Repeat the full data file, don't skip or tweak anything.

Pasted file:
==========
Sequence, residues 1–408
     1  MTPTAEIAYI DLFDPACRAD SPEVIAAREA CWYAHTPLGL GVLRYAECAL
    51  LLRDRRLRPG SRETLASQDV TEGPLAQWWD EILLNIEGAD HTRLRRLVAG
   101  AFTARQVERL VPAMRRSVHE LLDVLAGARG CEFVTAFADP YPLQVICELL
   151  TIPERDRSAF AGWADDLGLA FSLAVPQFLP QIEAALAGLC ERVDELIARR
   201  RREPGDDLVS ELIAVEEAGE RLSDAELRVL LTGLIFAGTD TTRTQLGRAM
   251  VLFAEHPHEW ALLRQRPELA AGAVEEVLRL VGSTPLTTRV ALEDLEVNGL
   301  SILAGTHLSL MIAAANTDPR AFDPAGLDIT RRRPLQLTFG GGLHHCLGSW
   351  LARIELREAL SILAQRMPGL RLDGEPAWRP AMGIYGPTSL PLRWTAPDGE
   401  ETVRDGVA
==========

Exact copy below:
Sequence, residues 1–408
     1  MTPTAEIAYI DLFDPACRAD SPEVIAAREA CWYAHTPLGL GVLRYAECAL
    51  LLRDRRLRPG SRETLASQDV TEGPLAQWWD EILLNIEGAD HTRLRRLVAG
   101  AFTARQVERL VPAMRRSVHE LLDVLAGARG CEFVTAFADP YPLQVICELL
   151  TIPERDRSAF AGWADDLGLA FSLAVPQFLP QIEAALAGLC ERVDELIARR
   201  RREPGDDLVS ELIAVEEAGE RLSDAELRVL LTGLIFAGTD TTRTQLGRAM
   251  VLFAEHPHEW ALLRQRPELA AGAVEEVLRL VGSTPLTTRV ALEDLEVNGL
   301  SILAGTHLSL MIAAANTDPR AFDPAGLDIT RRRPLQLTFG GGLHHCLGSW
   351  LARIELREAL SILAQRMPGL RLDGEPAWRP AMGIYGPTSL PLRWTAPDGE
   401  ETVRDGVA